After graduating from Boston College Law School in 1970, Swenson had a one-year clerkship with a federal district judge in Boston. He then joined the firm of Wiggin and Nourie in Manchester, N.H. practicing corporate law, and handling mergers and acquisitions.

A year later, duty called back home. Swenson Granite was in financial trouble and the family looked to him for help. "I thought somebody's got to straighten this out." He took a leave of absence from the law firm to help the business get back on its feet. He sold the company's granite building business to a group of employees and refocused the company's efforts on granite curbing for highways. He slimmed down the company and hired a new chief operations officer. "Once you go through something like that, you get attached," he says, "but the company was too small for me. I couldn't work there because they couldn't pay me."

By 1975, he had returned to practicing law but kept his hands in the family business. He was still a chief executive officer and eventually returned to the company full time. "In 1983 we learned that Rock of Ages was for sale," he says. "We couldn't compete with them in the sale of granite for memorialswe wanted to buy them."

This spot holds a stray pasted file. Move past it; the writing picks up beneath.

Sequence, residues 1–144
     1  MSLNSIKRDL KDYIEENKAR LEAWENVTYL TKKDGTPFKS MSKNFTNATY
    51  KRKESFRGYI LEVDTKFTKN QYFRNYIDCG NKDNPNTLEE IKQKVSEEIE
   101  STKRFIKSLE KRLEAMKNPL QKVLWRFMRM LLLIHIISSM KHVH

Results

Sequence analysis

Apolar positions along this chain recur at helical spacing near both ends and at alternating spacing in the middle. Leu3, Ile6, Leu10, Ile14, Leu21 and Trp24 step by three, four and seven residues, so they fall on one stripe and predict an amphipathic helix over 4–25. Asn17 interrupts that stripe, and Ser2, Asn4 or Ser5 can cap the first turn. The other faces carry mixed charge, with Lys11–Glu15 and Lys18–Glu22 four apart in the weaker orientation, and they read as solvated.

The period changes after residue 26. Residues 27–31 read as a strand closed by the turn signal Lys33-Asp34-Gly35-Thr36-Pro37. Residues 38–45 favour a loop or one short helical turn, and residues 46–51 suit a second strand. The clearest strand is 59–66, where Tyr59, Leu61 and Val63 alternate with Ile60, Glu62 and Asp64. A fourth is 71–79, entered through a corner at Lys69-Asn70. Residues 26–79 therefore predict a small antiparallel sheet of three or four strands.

So did many others. Swenson scrambled to put together a $20 million leveraged buy-out of Rock of Ages from its then-owner, Nortek of Providence, R.I., which had acquired Rock of Ages in 1969. Investment bank Morgan Lewis put in $2 million; Swenson Granite put up another $1 million and a managed trust company contributed the rest. "It must've been destined to happen because we were lucky to get it," he says, "but it happened and it worked."

Over time, the tools used to manufacture stone from the quarry have made it much easier to do business. "We produce more with 100 people in Barre and Bethel than they did with a 1,000 people in the early 1900s," Swenson says.

Standing above the E.L. Smith Quarry in Barre, a Rock of Ages property in Barre, Swenson asks, "Do you have a problem with heights?" Below, men the size of ants blast and cut stone blocks, or benches, out of the earth. The quarry drops straight down 300 feet, and from a distance the outlines of where blocks have been removed look like a strange mirrored wall without a reflection. A photo of the quarry, shot in 1992 by Canadian photographer Ed Burtynsky, is part of Microsoft Inc.'s art collection.

The size of a typical quarried block is 10 feet long, 5 feet high and 5 feet wide. A block that size weighs up to 22 tons. Swenson says Rock of Ages is the largest revenue generating quarrier in North America with sales of 1,500,000 cubic feet of granite each yearmore than half of which comes from Barre.

Though workers still use sledgehammers and hand-held drills for part of the process, technical advances have made it much easier to extract granite. "We produce more with 100 people in Barre and Bethel than they did with a 1,000 people in the early 1900s," Swenson says.